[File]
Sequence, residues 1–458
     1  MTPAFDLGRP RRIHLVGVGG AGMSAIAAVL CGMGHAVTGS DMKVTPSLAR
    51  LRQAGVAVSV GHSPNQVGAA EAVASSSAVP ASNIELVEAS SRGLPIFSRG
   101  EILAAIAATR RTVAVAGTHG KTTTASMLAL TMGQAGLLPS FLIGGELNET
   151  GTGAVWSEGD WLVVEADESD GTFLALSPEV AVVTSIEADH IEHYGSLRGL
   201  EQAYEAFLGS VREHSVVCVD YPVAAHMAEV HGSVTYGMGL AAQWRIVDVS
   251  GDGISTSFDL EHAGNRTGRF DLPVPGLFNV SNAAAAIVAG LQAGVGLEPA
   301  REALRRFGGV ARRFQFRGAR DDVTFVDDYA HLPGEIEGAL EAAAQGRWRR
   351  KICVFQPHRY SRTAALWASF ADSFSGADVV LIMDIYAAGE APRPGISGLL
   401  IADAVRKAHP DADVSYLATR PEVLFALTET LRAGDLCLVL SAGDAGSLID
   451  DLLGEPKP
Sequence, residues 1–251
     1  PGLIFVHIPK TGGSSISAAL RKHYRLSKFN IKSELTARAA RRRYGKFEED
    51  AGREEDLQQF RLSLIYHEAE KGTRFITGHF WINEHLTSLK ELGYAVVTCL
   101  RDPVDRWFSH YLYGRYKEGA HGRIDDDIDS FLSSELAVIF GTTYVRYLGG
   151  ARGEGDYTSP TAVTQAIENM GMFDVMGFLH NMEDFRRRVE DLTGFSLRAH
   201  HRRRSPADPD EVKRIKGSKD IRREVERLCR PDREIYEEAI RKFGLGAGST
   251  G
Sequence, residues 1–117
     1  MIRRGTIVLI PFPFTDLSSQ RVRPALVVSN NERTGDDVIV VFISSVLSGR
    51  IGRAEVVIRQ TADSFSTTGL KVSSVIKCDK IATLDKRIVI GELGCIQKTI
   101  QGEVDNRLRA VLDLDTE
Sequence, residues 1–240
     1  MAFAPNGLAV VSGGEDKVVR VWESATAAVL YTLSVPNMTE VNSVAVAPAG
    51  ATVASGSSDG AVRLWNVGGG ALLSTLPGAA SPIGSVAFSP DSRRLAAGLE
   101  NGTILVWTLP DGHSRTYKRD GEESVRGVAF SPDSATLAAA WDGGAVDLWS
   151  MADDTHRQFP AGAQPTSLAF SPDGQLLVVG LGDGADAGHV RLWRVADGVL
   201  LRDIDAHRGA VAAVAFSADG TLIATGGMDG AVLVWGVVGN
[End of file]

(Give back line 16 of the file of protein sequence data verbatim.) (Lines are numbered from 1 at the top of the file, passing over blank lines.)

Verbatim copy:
   151  ARGEGDYTSP TAVTQAIENM GMFDVMGFLH NMEDFRRRVE DLTGFSLRAH